Australian neighboring rights body PPCA may have to hold off celebrating any new windfalls from the fitness sector.

National heath and fitness trade association Fitness Australia, whose members operate 1,100 gyms, has appealed the Copyright Tribunal's recent decision to pump-up rates for the use of music in fitness classes.

Currently, a gym's PPCA license costs just $0.968 Australian ($0.80) per class, capped annually at $2,654 Australian ($2,202).

Those sums don't stack up, according to the PPCA, which brought the case to the Tribunal in March 2009 to find a "fairer deal". After a bruising battle staged by both sides, the Tribunal on May 17 applied a new rate of $1 Australian ($0.83) for each fitness class attendee or an optional tariff of $15 Australian ($12.44) per class, a hike of more than 1,500%.

"Yes, we have decided to proceed with an Appeal," FA CEO Lauretta Stace tells "We do not know when it will be heard by the Federal Court at this stage, but hope to know more by mid July."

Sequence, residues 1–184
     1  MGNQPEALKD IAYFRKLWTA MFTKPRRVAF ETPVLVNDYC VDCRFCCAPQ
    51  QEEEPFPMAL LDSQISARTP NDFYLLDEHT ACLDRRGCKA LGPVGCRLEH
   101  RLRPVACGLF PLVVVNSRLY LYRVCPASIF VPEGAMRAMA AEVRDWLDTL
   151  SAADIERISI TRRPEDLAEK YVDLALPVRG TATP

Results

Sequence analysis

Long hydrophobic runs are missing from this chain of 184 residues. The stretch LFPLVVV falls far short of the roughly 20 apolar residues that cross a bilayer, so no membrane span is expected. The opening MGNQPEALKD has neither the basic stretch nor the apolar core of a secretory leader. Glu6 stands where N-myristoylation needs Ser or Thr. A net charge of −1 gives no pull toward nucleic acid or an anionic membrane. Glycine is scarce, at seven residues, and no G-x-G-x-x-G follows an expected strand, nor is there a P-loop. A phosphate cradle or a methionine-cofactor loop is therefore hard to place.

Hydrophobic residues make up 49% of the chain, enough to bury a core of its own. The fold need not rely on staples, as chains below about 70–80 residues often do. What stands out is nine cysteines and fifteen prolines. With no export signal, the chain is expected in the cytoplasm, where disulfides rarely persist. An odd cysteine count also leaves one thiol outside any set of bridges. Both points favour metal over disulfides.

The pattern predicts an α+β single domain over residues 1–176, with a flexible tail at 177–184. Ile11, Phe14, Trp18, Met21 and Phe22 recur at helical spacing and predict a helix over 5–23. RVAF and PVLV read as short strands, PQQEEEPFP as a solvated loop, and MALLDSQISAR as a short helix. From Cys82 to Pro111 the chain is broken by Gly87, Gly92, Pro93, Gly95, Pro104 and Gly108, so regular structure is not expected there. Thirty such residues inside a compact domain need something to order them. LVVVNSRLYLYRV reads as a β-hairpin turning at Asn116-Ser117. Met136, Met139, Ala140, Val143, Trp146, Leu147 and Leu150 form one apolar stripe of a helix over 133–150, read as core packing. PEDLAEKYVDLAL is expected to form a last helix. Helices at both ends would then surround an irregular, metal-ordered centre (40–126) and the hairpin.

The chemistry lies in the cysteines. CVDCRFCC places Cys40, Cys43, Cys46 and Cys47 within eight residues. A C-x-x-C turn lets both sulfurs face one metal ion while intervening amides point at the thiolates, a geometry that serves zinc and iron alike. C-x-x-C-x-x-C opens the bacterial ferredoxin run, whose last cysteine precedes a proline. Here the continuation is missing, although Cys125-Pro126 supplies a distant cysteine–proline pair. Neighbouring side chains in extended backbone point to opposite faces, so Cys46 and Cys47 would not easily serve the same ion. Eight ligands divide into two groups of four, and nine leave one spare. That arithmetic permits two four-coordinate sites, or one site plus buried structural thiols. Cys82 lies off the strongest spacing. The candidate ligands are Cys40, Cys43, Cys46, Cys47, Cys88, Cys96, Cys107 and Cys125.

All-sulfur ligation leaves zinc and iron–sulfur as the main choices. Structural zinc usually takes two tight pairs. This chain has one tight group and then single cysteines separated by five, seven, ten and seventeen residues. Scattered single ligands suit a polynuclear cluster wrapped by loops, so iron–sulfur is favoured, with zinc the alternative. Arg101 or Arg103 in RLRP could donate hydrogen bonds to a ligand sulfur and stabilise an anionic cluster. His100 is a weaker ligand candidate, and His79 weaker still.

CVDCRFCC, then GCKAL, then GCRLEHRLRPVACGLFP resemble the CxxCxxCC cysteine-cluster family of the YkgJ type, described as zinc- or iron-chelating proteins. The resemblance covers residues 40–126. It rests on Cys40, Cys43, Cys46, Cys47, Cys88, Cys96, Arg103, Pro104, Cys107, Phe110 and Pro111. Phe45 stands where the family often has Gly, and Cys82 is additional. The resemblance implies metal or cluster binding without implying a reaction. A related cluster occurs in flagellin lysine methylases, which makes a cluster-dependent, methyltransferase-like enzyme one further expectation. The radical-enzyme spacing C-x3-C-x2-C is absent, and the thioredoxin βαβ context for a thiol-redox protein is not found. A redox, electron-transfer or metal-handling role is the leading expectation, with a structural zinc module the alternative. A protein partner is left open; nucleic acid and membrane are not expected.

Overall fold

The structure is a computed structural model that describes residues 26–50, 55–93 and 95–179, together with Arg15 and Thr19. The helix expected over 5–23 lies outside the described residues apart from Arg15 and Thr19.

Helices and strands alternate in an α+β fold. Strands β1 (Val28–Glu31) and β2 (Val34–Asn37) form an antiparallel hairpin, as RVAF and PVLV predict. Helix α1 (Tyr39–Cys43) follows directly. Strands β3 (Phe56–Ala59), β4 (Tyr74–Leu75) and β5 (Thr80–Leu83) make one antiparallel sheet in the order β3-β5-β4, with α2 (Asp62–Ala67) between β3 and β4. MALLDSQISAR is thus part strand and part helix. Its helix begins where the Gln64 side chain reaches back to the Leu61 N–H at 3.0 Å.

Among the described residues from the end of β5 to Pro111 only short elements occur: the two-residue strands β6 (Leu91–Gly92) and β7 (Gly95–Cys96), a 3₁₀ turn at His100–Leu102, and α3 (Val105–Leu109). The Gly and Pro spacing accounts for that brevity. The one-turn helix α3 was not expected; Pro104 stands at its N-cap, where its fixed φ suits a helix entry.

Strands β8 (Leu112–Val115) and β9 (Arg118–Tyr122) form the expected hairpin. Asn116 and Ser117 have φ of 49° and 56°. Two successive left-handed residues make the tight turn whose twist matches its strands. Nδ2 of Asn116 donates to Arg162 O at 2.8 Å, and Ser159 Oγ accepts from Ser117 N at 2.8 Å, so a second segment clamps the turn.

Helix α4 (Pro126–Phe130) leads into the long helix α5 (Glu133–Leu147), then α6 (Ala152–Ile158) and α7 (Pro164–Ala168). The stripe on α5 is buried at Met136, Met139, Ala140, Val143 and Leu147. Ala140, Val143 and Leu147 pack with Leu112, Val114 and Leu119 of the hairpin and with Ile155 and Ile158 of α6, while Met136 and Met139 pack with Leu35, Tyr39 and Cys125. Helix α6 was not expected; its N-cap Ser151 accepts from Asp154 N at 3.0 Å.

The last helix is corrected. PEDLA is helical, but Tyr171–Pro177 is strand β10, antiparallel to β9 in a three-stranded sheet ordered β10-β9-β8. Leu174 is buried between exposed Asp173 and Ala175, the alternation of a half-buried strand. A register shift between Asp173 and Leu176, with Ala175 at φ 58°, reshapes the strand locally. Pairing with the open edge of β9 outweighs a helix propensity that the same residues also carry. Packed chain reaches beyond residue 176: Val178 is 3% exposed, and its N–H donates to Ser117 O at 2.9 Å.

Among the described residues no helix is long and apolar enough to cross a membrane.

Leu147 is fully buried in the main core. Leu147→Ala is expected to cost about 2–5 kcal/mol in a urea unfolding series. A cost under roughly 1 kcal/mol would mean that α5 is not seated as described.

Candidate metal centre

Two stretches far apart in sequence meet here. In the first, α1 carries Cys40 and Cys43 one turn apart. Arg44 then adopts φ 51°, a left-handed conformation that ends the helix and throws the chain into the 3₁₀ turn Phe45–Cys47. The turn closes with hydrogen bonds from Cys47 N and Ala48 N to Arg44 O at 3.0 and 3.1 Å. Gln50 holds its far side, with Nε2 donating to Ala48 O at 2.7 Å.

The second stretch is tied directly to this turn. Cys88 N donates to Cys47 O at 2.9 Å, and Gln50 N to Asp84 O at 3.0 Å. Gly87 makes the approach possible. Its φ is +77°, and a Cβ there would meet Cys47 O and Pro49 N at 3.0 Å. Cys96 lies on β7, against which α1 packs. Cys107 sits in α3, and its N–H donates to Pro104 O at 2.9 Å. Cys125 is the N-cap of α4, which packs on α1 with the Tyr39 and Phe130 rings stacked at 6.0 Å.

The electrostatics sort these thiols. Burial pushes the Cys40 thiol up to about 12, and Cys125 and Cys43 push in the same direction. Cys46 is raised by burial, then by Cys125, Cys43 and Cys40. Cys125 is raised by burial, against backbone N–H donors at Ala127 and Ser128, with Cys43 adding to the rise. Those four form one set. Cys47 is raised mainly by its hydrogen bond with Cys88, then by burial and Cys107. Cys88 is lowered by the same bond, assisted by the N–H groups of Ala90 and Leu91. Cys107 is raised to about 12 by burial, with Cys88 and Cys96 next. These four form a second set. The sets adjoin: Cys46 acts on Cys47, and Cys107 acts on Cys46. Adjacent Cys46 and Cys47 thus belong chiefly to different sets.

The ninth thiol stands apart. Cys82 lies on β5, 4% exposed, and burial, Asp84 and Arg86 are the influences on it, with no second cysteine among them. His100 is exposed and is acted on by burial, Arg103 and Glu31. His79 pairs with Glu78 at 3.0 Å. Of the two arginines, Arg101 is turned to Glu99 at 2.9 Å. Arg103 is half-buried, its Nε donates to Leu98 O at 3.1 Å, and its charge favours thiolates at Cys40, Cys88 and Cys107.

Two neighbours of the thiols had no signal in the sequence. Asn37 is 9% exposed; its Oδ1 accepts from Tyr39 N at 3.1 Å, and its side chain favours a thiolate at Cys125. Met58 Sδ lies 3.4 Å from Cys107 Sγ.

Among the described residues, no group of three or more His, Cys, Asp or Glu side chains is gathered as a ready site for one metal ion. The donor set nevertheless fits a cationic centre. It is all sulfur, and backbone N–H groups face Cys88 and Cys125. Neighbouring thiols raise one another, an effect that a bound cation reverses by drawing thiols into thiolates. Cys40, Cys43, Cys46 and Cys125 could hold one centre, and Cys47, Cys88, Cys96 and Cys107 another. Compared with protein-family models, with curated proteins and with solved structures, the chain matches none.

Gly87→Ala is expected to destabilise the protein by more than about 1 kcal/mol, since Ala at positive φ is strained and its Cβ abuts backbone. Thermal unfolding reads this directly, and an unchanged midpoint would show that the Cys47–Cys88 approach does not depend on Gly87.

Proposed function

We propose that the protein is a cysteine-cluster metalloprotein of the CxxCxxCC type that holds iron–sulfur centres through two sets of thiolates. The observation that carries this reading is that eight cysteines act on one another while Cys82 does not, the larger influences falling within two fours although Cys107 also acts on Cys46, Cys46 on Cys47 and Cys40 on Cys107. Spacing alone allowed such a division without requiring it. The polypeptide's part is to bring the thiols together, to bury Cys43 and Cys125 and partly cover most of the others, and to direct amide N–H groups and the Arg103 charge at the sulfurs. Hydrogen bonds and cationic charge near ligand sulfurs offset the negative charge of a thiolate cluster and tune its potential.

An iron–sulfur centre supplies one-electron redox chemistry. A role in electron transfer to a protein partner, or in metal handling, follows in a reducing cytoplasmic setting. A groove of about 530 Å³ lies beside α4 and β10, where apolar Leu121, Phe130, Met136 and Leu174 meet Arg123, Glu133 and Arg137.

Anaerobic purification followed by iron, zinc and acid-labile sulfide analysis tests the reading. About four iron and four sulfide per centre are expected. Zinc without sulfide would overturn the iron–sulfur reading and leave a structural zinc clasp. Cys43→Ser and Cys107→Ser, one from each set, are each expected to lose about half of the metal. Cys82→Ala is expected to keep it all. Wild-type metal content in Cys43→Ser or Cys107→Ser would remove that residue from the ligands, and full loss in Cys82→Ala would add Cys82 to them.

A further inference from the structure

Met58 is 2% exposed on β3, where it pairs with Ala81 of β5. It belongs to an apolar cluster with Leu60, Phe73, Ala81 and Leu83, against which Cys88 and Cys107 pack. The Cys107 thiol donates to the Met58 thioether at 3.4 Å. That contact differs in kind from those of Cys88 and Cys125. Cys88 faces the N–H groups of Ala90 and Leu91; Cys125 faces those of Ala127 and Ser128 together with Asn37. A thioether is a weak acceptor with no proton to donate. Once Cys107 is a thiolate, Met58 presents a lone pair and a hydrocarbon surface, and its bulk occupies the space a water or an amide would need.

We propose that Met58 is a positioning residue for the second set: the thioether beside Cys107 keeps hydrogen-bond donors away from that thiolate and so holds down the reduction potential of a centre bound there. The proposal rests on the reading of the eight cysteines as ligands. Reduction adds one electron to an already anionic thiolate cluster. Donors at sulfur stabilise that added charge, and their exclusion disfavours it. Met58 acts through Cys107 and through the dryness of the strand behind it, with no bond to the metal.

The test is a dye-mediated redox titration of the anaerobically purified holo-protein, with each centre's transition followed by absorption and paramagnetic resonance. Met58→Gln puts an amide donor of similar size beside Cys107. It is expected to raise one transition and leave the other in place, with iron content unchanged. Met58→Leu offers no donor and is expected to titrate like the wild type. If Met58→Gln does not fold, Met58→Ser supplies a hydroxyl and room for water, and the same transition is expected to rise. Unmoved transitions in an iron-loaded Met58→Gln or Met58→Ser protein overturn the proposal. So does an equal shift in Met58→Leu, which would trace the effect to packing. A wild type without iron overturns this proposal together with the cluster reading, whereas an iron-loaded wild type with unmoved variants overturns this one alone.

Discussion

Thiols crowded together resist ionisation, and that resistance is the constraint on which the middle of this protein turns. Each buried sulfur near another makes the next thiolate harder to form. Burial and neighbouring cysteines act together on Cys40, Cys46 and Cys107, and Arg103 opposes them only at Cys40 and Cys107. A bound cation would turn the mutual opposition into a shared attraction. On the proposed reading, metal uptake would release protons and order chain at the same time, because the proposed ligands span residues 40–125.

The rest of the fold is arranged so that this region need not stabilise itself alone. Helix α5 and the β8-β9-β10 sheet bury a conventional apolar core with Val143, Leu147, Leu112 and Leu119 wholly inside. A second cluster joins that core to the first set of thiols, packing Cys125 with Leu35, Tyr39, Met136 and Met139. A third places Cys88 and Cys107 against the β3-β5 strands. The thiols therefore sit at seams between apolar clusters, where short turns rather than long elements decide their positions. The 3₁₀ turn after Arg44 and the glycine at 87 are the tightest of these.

An appeal comes as no great shock. Following the Tribunal decision, the FA had declared the ruling "extremely disappointing" and admitted it was consulting with its legal advisers on whether to proceed to the next stage.

The country's biggest fitness operator, Fitness First Australia, now sources only PPCA-free music for use in its fitness classes. "It's an out-of-this-world rate hike," said FFA marketing director Andy Mallinson following the Tribunal's original decision. "Ninety percent of gym operators will not be able to afford to pay that, and they'll move to a credible alternative."